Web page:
UFOs: Pentagon to release report
Last December in the US House of Congress passed an omnibus bill that included a strange requirement: the Pentagon and other intelligence agencies had to report everything they knew about UFOs. They’re expected to release that report at the start of June. This has sparked an enormous wave of interest in UFOs in America, coinciding with new videos of supposed sightings leaked from the US Navy; even former president Obama confessed in an interview that records of them do exist. So what’s really going on? Chris Smith heard from Kate Dorsch - she’s a historian of science, and pseudoscience - at the University of Pennsylvania…
Kate - The sightings that were focused on here, and are drawing so much attention - and perhaps even driving the call for this intelligence report from US intelligence agencies and the Pentagon - are sightings that were made by US Navy pilots in 2004 and again in 2015, some of these really specific videos.
Chris - So therefore one would judge them to be more reliable than just someone who might've smoked a few funny cigarettes, or consumed a few beverages?
Kate - Yes, that is underlying so much of the hype and so much of the attention and the scrutiny.
Chris - But they are supported though, these sightings, by independent objective digital evidence, aren't they? In some cases they've got video, they've got other radar measurements or so on that seem to corroborate what the people are saying?
Kate - That would appear to be the case. However, there is a historical context for some of this. It has always sort of been the case that yes, pilots see things when they are flying planes. And also sometimes we get sensor returns from our technology. And it is traditional, especially among the ufologists and the UFO true believer crowd, to point to sensor returns, to radar returns, photographs, video, et cetera, and say, “here's objective evidence that confirms the pilot's sightings”. However, yes, the radar return, or in this case, footage, photographs or video, do add evidence, but it is also important to keep in mind that our technology is not infallible either. I wouldn't immediately jump to saying that this video or the sensor returns are proof positive that some sort of aircraft was there.
Chris - Okay. What did the people actually say they've seen?
Kate - As usual, and as we should expect from pilots, very few of them have been certain. There's this reluctance to say, for sure, I saw a flying saucer, or I saw a Chinese surveillance drone. But the suggestions tend to be - they like to suggest that they have seen some sort of what might be a technology that either surpasses our known capability, represents some sort of new technology, either foreign or domestic. As always there's lots of caution around discussing what may or may not be there.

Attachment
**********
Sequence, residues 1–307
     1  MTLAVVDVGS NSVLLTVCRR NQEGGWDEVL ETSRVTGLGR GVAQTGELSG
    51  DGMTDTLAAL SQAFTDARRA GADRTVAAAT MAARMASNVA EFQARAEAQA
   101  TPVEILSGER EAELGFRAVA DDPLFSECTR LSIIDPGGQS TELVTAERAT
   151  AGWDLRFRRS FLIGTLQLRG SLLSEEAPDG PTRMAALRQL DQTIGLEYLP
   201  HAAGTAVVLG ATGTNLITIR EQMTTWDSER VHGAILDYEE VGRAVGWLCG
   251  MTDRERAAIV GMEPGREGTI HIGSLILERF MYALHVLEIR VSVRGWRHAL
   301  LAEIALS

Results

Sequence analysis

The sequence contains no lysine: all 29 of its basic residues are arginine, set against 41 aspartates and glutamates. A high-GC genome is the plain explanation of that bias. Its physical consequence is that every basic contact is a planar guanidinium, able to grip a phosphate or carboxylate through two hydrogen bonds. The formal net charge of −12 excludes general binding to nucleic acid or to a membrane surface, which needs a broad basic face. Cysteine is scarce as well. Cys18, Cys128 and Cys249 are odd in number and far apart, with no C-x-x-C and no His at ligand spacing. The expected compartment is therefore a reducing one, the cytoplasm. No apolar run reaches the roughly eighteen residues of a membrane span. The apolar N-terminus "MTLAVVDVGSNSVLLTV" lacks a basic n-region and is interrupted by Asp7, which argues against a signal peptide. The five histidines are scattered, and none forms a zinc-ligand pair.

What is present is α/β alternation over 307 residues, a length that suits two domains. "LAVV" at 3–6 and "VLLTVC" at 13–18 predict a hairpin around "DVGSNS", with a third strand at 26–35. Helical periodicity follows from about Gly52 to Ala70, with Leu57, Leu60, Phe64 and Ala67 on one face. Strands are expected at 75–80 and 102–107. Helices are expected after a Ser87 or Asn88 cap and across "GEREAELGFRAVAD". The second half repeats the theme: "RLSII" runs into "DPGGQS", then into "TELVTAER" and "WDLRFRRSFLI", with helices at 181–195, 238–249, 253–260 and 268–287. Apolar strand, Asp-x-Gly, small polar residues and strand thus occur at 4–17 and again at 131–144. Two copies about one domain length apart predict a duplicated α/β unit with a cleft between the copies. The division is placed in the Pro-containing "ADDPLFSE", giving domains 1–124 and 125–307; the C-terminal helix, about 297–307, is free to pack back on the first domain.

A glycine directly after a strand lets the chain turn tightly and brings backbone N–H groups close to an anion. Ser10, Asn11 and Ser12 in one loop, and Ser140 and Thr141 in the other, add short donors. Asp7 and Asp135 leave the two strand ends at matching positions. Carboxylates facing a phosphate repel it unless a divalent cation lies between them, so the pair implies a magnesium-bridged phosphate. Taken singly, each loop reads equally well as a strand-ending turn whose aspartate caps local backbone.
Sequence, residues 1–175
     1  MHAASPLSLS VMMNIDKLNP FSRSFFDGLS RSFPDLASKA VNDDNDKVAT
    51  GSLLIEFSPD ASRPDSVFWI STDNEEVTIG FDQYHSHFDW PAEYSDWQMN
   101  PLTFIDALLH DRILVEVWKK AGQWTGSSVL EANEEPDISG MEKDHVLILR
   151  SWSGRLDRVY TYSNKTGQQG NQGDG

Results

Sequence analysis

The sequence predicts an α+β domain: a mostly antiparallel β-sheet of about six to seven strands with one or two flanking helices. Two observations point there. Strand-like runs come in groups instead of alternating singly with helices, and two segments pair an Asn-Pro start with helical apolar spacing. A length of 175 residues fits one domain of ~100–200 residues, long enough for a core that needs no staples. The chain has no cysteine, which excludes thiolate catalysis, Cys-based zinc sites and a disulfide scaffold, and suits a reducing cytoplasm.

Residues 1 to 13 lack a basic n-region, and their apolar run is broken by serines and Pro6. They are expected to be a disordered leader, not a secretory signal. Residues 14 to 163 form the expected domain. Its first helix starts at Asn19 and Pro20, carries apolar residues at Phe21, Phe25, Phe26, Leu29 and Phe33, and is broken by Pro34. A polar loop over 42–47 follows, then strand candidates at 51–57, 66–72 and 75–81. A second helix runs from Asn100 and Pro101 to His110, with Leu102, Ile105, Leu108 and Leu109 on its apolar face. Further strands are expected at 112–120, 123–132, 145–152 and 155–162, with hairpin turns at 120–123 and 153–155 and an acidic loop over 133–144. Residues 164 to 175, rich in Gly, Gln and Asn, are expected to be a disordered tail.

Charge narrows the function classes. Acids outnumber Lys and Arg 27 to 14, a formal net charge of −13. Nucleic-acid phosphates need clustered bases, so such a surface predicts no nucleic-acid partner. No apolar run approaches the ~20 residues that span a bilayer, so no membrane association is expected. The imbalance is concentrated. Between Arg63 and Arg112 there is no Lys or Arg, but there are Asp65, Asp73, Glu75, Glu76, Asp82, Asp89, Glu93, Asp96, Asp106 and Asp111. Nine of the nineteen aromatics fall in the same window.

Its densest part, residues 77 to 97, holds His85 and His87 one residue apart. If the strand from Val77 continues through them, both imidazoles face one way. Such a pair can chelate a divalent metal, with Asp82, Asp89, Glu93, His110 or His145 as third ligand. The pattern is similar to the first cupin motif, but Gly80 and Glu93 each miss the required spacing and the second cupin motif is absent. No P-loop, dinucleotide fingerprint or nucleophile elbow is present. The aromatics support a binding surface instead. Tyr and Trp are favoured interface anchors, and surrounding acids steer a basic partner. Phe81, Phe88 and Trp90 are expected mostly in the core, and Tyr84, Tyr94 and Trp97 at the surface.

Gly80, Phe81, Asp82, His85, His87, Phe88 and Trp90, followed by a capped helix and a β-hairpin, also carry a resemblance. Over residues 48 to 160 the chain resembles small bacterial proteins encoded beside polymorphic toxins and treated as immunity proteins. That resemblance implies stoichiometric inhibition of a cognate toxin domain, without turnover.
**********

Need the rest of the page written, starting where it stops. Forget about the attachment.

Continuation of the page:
Chris - Do you think they really believe in aliens? Or are they creating a smokescreen and they're going to bury some big, bad news they've got coming and we just don't know what that is yet?
Kate - I don't think it's a smokescreen for any further news. I think that the UFO investigations... because when they are done by the United States military tend to be highly classified, very, very difficult to access, because they are buried in all the national security infrastructure and so on, it provides a space for congresspeople to sort of appear that they are standing up for the little guy. I think it's a way to say, "we're keeping our eye on you". I don't think anybody believes it's aliens. And I don't think that it's a sort of distraction from anything bigger or more serious.
Chris - Now, when I introduced you, I said that you are a historian who studies the science and pseudoscience of UFOs. Why are you studying this? What's your own personal interest in it?
Kate - I am really invested in these questions, and this UFO thing has become very interesting to me because it combines so many different groups of people and has been, since its inception in 1947, not just a scientific hot button issue, but also a political hot button issue. And not just a political issue, but also a scientific issue. People are seeing things, they are having experiences and those experiences are real and valid. I truly believe that these Navy pilots have had experiences that they cannot explain, and that perhaps we don't have enough data to truly and fully explain away. I'm not here to say that people are hallucinating or exacting hoaxes on us or anything like that. I think people see things all the time that they can't explain. And when it comes to Navy pilots, for example, our Air Force pilots, I think their respective branches of the service have an obligation to investigate those things. What I'm interested in is: what people do with those experiences, why we think we know what we are seeing when we see UFOs, what we consider to be enough evidence to make a claim, to say that, "OK, I know that I saw this thing and I have X, Y, and Z pieces of evidence, so I can say for certain that I didn't see an airplane. I know for sure that this wasn't a bird I was watching, it was off in the distance." UFOs are a particular kind of scientific object for me that really lets me get at some of these really interesting questions, which is why do people trust and not trust themselves and others?